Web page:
Bass and bream from the desert
Some years ago a Lebenese business firm called Wadi Holdings started using salt water they found after drilling for sweet water in north eastern Egypt. That was in the Wadi Natroun area not so far from the Mediterranean Sea, located along the road between Cairo and Alexandria. This was also the place were in ancient times salt was collected to preserve the mummies. The saline water, unsuitable for growing crops was now used for cultivating sea bass (Dicentrarchus labrax) and bream (Sparus aurata), two species normally found in sea water (see picture of the basins, left). The firm is doing good business and its product is even exported to various countries.
Egypt is still struggling with an old and steadily growing problem. That is the need to increase wheat productivity to feed Egypt’s rapidly growing population which has nearly doubled in the last 30 years. Traditionally, fresh water from the Nile (‘a Gift from the Gods’) and lake Nasser, a vast man-made lake created by the construction of the Aswan dam in the Nile have been used to irrigate the land in the valley and delta of the Nile river.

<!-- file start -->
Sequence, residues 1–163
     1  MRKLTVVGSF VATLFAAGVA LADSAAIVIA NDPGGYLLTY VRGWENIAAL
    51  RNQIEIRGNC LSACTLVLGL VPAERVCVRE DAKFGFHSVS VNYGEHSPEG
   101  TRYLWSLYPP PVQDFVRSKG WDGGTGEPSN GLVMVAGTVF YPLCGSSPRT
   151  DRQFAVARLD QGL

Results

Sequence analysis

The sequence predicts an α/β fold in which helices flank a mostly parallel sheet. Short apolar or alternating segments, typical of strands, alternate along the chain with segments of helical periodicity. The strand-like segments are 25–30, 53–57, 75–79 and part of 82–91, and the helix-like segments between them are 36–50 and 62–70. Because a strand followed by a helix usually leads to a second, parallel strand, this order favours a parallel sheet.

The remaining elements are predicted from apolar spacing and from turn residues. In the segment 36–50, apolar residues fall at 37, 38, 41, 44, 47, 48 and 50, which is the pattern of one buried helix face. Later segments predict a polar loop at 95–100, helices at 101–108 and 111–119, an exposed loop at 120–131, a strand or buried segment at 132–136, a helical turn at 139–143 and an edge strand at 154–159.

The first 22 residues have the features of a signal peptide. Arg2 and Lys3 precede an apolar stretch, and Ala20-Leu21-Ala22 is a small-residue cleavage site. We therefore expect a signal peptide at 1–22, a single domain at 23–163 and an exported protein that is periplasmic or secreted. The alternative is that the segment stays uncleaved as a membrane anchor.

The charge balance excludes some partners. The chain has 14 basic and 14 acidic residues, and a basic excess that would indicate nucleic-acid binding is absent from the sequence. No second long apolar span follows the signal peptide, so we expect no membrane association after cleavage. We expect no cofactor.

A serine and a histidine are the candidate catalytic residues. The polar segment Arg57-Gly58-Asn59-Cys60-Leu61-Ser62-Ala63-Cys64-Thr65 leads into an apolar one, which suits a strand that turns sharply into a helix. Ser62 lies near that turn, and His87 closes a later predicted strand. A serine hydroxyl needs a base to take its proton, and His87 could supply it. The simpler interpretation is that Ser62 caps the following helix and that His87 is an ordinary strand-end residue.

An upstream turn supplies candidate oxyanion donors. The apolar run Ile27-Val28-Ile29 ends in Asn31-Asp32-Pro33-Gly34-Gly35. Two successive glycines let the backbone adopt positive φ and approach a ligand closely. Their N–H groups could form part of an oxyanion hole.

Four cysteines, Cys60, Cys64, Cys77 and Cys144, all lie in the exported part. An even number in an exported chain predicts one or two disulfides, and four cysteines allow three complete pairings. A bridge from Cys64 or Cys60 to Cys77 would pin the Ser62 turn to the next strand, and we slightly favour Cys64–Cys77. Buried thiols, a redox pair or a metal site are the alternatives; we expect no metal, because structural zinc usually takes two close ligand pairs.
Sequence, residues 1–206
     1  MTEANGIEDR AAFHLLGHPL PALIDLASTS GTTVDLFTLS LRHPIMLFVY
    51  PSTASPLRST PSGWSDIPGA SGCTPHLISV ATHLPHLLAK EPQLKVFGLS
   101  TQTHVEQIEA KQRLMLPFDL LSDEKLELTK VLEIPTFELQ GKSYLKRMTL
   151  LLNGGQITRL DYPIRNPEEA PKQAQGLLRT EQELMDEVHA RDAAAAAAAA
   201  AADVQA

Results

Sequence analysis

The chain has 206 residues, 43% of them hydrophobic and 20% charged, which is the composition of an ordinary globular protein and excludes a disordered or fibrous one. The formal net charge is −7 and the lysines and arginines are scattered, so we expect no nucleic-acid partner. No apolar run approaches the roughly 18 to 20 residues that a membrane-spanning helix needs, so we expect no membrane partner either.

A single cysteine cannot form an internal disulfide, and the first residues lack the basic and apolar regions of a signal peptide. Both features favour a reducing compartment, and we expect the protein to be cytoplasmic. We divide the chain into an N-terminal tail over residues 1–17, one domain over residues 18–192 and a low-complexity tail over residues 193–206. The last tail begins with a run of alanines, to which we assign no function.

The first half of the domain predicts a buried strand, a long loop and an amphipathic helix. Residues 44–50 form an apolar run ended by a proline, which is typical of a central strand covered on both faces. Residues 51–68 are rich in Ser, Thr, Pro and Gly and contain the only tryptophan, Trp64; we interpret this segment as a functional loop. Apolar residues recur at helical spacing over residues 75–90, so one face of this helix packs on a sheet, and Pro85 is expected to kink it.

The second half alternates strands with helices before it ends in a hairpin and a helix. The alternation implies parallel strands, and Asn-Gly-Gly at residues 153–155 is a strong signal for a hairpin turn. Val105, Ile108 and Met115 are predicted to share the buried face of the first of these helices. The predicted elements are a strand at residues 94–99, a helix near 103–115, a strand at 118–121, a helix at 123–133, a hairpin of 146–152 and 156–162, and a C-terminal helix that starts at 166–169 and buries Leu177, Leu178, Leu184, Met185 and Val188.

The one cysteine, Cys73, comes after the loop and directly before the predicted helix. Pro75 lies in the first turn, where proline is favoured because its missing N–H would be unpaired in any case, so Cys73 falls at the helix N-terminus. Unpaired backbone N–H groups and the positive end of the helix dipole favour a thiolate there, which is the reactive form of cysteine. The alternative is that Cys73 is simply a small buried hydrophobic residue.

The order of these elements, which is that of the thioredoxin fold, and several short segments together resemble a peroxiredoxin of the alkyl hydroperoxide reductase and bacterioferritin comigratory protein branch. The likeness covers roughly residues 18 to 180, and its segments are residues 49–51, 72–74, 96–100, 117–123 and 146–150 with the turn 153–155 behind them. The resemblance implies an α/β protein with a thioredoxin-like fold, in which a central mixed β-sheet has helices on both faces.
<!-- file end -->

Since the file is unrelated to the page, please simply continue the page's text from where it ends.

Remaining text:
But fertile land and water are scarce in Egypt, and the shrinking water supply provided by the Nile flowing upstream is a growing concern of the government. Its hope for the future is to start exploiting areas in the Western desert with its (presumed) groundwater reservoirs to help Egypt reclaim up to 1.5 million hectares of land.
As saline water could not be used for irrigation, one assumed that water drilled closer to the seashore was unfit for growing crops. But these views are now changing. Experimental farms in the Netherlands have managed to grow healthy and tasty vegetables in soil irrigated with salt water, using pipe and drip irrigation. Two tasty product of saline agriculture are salicornia and potatoes. Especially the potatoes seem to be doing well. Another idea supported by the agriculture department of the University of Wageningen in Holland was to use the salt water of the sea bass and bream ponds in Wadi Natroun to start growing saline crops. Instead of pumping away the wast water it is now recycled using drip irrigation in the desert soil in the vicinity of the aquacultures. So combining aqua- and agricultures in the desert may be a promising basis for compensating future crop shortages in Egypt.
Sadek, Sherif, T. a.o. (2011), European Seabass and Gilthead Seabreamculture art in the Egyptian desert. Aquaculture Europe, Vol. 36 (1): 5 -11. March 2011